PowerPoint: CHAPTER 2 – Business Cycles

Report
A time series that shows what happens to the
value of the domestic output (GDP) of the
economy over time.
2 schools of thought:
Exogenous
Endogenous
•
•
•
•
Classical Economists – 19th century
market economies are inherently stable
Exogenous factors cause business cycle
William Jevons sunspot theory
– business cycle was caused by periodic changes in
solar radiation
Other exogenous variables
• changes in the money supply,
• government policies
• technology
– railways 19th century
– radio communication in the 1920
– Internet in the1990s
• John Maynard Keynes – Keynesian Theory
• inherently unstable - caused by endogenous e.g. change in
total spending.
• An increase in total spending
• period of expansion
• reinforced by the multiplier
• economy reaches its capacity (full employment)
• firms decrease their investment spending
• multiplier process goes into reverse
• output of the economy to decline
Followers of the endogenous theory believe that
gov. SHOULD intervene to minimise effects of
cycle.
• Answer Activity 1 - pg 49 Q 1.1 – 1.4
• Answer Activity 2 - pg 52 Q 1.1 – 1.3
SA’s economic system based on Keynesian view so
government intervenes.
They apply policies to affect business cycles to ensure
that:
• economic growth (increase in real GDP) is maintained
• inflation and unemployment are as low as possible
• periods of expansion last as long as possible
• periods of contraction last as short as possible
• the troughs and peaks are smoothed out (the economy
is more stable).
Instruments at the gov’s disposal are…
Fiscal policy: how the government’s budget is used to raise and
spend money to influence economic activity.
Contractionary Fiscal Policy
Economy
expanding
too quickly
increase
taxation
(leakage)
decrease
expenditure
(injection)
Consumption
& Gov
Spending fall
Opposite is true for an expansionary fiscal policy
Decreasing
AD slows
economy
Monetary policy: policy of central bank regarding
money supply and interest rates to influence
economic activity.
Supply of money influenced by…
• Interest rates
• Buying and selling of gov bonds
• Increase/decrease cash reserve requirements of
commercial banks
• SARB governor can persuade commercial banks
to lend less in booms and more in recessions.
Expansionary Monetary Policy
SARB
decreases
repo rate
-interest
rate
follows
More
money is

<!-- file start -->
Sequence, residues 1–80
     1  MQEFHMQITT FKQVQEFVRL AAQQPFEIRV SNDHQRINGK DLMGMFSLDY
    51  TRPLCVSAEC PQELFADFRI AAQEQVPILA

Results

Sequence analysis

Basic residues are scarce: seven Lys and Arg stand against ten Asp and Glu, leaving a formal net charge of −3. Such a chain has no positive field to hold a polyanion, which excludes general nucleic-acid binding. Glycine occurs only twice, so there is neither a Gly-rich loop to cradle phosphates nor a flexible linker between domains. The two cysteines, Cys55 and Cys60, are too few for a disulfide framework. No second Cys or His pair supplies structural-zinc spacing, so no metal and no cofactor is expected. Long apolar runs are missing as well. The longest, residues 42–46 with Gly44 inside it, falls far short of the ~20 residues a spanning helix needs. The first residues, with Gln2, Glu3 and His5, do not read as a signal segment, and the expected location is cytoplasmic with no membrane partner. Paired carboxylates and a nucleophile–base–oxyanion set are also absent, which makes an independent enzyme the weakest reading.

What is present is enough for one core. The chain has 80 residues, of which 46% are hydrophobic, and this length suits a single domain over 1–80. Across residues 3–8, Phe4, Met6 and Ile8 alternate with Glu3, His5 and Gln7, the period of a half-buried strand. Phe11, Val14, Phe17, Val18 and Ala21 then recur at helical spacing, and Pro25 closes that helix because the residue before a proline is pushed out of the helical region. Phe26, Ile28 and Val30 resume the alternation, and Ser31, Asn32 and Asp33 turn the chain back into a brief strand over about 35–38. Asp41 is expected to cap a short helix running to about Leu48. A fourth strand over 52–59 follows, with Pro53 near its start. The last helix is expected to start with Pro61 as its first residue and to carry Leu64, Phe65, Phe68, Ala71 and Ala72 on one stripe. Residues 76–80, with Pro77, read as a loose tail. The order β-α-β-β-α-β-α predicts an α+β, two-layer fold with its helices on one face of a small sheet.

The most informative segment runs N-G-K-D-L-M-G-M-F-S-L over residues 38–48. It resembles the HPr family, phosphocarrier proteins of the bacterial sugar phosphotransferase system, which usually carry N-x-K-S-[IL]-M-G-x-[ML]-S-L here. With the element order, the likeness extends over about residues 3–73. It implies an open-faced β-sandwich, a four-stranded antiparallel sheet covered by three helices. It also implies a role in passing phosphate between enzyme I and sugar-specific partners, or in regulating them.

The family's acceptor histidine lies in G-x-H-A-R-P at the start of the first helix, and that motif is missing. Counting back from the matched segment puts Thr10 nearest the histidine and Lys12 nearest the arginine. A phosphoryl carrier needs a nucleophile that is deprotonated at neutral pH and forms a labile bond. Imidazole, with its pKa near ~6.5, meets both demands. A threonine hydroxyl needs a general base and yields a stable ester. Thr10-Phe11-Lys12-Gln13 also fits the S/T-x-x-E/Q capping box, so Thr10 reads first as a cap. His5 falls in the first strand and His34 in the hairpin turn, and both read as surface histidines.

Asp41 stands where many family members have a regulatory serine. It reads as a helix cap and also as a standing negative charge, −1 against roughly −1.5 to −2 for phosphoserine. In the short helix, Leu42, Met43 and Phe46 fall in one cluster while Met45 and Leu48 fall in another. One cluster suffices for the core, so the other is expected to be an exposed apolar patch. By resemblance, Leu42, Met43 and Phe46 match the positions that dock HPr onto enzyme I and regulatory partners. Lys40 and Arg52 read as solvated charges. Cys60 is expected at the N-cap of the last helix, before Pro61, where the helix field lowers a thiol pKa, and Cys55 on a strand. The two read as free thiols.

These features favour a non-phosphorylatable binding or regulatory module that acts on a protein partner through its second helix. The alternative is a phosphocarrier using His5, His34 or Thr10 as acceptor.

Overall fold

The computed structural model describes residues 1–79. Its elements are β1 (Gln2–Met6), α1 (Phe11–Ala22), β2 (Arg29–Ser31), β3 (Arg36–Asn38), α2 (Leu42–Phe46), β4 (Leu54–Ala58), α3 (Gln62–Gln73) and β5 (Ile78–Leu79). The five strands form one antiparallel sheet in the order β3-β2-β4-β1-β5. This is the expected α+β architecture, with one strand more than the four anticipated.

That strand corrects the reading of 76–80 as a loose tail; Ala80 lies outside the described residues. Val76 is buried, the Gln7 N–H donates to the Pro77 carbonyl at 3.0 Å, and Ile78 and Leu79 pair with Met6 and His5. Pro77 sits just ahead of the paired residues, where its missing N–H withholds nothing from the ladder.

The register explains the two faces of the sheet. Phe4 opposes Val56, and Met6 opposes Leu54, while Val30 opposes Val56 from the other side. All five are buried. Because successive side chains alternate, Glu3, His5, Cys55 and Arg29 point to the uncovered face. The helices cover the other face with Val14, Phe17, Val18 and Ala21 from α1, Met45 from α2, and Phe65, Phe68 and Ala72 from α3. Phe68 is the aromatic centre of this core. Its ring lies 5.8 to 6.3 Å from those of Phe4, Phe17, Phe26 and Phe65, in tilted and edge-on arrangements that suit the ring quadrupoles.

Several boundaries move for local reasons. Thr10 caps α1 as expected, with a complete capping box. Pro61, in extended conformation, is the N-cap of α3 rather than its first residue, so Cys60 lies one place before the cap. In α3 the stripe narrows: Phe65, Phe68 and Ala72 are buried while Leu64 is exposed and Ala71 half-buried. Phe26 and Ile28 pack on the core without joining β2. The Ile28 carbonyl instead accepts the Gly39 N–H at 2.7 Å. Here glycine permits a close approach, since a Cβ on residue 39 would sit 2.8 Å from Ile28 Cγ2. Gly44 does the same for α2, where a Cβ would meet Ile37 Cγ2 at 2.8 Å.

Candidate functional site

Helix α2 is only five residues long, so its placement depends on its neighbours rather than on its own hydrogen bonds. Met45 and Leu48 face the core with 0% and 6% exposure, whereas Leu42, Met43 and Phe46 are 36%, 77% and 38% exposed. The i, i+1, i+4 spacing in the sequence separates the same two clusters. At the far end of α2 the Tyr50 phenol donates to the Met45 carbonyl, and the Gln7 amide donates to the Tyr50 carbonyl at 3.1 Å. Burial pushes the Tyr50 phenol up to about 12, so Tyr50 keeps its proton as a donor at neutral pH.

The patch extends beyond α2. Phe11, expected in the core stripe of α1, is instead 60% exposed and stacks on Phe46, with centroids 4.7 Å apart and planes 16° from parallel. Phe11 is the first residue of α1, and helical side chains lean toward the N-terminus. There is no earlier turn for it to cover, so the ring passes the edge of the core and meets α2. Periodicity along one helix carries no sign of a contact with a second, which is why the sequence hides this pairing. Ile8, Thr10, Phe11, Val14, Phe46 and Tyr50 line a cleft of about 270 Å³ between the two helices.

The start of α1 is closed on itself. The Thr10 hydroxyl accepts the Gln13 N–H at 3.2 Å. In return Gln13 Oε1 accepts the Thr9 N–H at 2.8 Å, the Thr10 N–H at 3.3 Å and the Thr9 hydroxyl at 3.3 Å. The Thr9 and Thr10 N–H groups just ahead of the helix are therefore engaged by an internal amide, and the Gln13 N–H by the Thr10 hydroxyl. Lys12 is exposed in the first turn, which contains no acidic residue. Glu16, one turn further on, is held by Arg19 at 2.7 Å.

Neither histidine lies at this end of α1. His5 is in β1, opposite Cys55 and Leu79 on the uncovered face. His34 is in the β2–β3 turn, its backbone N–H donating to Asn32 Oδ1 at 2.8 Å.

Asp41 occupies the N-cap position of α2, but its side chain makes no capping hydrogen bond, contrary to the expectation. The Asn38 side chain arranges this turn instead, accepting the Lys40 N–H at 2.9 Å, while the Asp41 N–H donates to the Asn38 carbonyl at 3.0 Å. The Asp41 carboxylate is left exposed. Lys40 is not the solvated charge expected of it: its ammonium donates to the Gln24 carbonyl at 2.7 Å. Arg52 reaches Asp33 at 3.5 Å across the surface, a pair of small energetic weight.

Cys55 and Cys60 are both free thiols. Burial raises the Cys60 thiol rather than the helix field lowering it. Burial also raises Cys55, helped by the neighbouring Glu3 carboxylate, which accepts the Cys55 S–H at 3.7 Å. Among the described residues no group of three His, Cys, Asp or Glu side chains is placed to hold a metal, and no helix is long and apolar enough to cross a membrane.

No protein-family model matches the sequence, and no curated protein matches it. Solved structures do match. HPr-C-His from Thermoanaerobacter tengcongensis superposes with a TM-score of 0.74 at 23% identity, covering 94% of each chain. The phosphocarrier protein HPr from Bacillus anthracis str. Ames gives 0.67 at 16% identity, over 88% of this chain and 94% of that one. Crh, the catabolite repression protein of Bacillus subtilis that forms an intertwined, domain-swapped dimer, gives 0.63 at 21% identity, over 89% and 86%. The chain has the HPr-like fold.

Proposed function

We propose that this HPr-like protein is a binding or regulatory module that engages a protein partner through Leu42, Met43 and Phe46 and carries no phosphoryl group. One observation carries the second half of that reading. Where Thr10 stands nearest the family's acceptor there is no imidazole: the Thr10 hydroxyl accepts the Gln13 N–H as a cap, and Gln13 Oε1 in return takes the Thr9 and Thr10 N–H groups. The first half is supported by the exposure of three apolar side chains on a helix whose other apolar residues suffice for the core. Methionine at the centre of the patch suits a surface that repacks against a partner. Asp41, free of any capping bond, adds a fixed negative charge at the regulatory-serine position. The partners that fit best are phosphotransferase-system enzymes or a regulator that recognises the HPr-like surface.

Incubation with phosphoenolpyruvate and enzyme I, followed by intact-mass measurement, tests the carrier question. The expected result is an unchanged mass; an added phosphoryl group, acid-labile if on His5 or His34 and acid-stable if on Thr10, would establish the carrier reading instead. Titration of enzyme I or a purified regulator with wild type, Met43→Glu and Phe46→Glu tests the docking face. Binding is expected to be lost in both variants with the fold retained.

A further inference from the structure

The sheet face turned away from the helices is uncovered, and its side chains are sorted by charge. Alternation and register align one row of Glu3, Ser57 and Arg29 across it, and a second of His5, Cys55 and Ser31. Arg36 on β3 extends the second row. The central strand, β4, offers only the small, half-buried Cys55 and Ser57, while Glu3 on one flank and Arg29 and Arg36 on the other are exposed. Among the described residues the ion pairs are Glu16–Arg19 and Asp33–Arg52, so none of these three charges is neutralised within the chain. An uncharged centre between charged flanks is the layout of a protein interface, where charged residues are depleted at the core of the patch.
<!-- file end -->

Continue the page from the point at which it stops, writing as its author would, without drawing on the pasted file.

available
Spending
increases
Demand
increases
Supply
increases
Economic
activity
increases
Opposite is true for a contractionary monetary policy
New economic paradigm: government focuses
less on fine-tuning and more on eliminating
uncertainties with regard to fiscal and monetary
policy.
WHY???
Fine tuning requires precise knowledge at the
right time – not always possible.
Instead…
• Create ec stability
• Encourage high rates of ec growth without
inflation
• Combine demand and supply-side policies
Demand-side policies
Supply-side policies
Monetary policy
Providing infrastructure
Fiscal Policy
Decreasing red tape
Subsidies to firms
Decrease corporate tax
Improve quality and mobility of labour
force
Free business advisory services
Review competition policy
Answer Activity 3 – pg 56 Q 1.1 – 1.3
Leading indicators: change before the economy changes.
• Warn of what we can expect in the future - economists
use them to forecast.
• Reach peaks/troughs a few months before the
business cycle reaches
Examples
• volume of mining production
• total number of new cars sold
• share prices
• number of new businesses registered
Lagging indicators: change only after the economy has
changed.
• Indicate what has already happened in the economy.
• Confirm direction of the economy.
• Used to estimate whether individual indicators gave
false signals.
• Reach a peak/trough months after the business cycle
Examples…
• hours worked in construction
• Employment
• investment in capital goods
Coincident indicators: change at the same time as the
economy.
• Information about the current situation of the
economy.
• Move simultaneously with the economy.
• Reach peak/trough at the same time as the business
cycle
• Used to compile business cycle.
Examples …
• real GDP
• Unemployment
• volume of manufacturing
• production
Done using quantitative or qualitative scientific
methods
Quantitative method based on mathematical
models, statistics and historical time series data.
By using moving averages (purple line), we can smooth out
volatile data (blue line) and identify the trend more easily. This
allows for more accurate extrapolation of the trend (red line).
Answer Activity 4 – pg 60 Q 1 – 3

similar documents